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Demonstration of Aerial Detection Technology to Inventory DoD Installations for Threatened, Endangered, and at-Risk Bat Species
Dr. Eric Britzke | U.S. Army ERDC
The Department of Defense (DoD) administers nearly 30 million acres of land for the primary purposes of training troops and testing weapon platforms to ensure military readiness. These inaccessible areas provide large areas of habitat that support significant populations of many threatened, endangered, and at-risk species (TER-S) of bats. Monitoring and managing bat species on many installations is difficult because of the inability to access restricted impact areas on the ground as well as difficulty in sampling at height. To meet stewardship and legal mandates, DoD needs better information about species presence and population trends of TER-S bats on installations, particularly in light of the threat posed by White-Nose Syndrome (WNS). Traditional field sampling has been used successfully on some installations to partially inventory and monitor some bat species in accessible areas. However, significant inaccessible portions of many installations, containing some of the most unique ecosystems, have not been surveyed (e.g., munitions impact areas, live fire areas, and other restricted areas) because they cannot be regularly accessed by field biologists, if at all. While effective in some areas, ground based detectors miss some bats that fly at altitudes above the effective range of the detector and cannot be used to sample bats in inaccessible locations. The objective of this effort is to augment ground-based ultrasonic acoustic sampling approaches in accessible areas, as well as to enable sampling of inaccessible areas on DoD installations with the system we have developed, the Aerial Bat Detection Technology (ABDT).
The Autonomous Aerial Acoustic Recording System was an aerial bird monitoring technology developed and field-tested under ESTCP Project # RC-201112. This project will demonstrate and validate the use of ultrasonic bat detectors on balloons to conduct inventorying of bats at altitude and in inaccessible areas on DoD installations. The system consists of three main components: 1) Micro-processor controlled ultrasonic microphone and recorder; 2) GPS position and altitude tracking and transmission system; and 3) aerial lift vehicle comprised of a helium-filled weather balloon with remote-control capability. The ABDT records bat echolocation calls using an ultrasonic microphone and recorder modified from a commercially available bat detector. Sampling will be done in both tethered mode to allow for sampling above the detection area of ground based detectors, as well as in free flight over inaccessible (i.e., impact) areas. Analysis of recorded echolocation calls will be done using software approved for bat surveys by the US Fish and Wildlife Service. This project will involve use of ultrasonic playback of bat echolocation calls to validate the ability of the system to accurately detect bat echolocation calls. In addition, comparison will be made in free flight between the balloon detector (both tethered and free-flight) and ground based sampling equipment. Finally, costs will be evaluated to show the benefits of sampling with this new technology. Success for the project is made by achieving high detectability in playback tests and improving bat surveys in areas that cannot currently be sampled.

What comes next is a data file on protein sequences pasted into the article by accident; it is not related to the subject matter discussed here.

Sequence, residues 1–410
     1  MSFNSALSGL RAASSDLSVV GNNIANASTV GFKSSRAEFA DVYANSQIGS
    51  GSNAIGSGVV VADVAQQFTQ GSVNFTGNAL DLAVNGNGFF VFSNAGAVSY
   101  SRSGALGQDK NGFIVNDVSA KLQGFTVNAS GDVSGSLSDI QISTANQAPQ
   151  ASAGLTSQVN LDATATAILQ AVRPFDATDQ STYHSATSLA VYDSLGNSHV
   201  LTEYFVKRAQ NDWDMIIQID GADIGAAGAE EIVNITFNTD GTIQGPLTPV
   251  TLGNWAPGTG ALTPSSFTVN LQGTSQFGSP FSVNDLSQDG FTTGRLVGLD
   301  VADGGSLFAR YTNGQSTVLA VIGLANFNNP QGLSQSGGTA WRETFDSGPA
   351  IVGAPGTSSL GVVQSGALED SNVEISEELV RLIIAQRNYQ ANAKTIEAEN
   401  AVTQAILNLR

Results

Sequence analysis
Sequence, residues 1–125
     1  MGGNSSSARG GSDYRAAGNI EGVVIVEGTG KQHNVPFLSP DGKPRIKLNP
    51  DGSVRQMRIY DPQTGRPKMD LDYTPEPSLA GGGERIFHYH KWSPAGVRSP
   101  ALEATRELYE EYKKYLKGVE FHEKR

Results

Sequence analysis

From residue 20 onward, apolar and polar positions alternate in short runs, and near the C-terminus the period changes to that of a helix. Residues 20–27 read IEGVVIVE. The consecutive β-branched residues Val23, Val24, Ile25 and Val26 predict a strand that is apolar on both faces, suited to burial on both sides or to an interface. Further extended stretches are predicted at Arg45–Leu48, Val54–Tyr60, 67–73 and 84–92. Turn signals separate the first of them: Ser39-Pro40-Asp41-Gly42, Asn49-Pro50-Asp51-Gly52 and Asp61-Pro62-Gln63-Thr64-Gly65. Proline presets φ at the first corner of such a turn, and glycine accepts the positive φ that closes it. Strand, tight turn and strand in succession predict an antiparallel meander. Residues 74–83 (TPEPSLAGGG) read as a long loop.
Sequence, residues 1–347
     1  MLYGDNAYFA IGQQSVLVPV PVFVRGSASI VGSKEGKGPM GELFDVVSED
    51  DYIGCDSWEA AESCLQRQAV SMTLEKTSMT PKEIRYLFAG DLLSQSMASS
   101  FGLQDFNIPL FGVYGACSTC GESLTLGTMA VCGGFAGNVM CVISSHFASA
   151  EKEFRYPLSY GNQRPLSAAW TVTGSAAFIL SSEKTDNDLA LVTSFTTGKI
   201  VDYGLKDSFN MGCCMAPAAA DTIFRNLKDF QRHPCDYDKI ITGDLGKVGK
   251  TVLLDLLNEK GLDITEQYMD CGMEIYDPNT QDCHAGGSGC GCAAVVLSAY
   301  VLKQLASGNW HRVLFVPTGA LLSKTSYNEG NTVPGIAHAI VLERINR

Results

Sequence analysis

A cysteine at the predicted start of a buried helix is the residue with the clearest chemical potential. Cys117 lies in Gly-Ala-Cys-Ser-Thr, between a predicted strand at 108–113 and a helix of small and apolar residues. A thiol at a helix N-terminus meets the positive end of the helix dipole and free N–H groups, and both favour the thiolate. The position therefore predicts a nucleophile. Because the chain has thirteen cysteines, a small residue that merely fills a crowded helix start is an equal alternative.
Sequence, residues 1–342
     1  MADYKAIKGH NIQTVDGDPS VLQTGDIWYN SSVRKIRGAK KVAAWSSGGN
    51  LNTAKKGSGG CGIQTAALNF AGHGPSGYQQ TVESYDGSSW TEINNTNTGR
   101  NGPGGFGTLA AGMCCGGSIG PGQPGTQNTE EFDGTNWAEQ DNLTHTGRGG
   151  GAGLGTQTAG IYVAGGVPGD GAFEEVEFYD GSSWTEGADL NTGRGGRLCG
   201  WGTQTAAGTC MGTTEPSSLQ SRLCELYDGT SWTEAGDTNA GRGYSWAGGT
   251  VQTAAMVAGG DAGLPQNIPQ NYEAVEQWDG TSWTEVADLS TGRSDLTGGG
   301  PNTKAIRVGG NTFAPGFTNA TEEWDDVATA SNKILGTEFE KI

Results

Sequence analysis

The demonstration and validation of the use of ultrasonic bat detectors to sample bats will improve the inventorying and monitoring of bats in currently inaccessible areas (e.g., at altitude and over impact areas). This project will provide information that will significantly improve DoD’s regulatory compliance. This additional information will become increasingly important as threats from WNS are fully realized. Implementation of the ABDT will allow natural resources staff to document which bat species are present in inaccessible areas, in addition to supplementing data from accessible areas. Documentation of TER-S bats in inaccessible areas, in conjunction with existing data from outside these areas, will provide a significant improvement to our understanding of the role DoD lands play in monitoring important habitats for a variety of TER-S. Furthermore, the training plans with installation environmental staff will put these important tools in the hands of individuals who can best use them.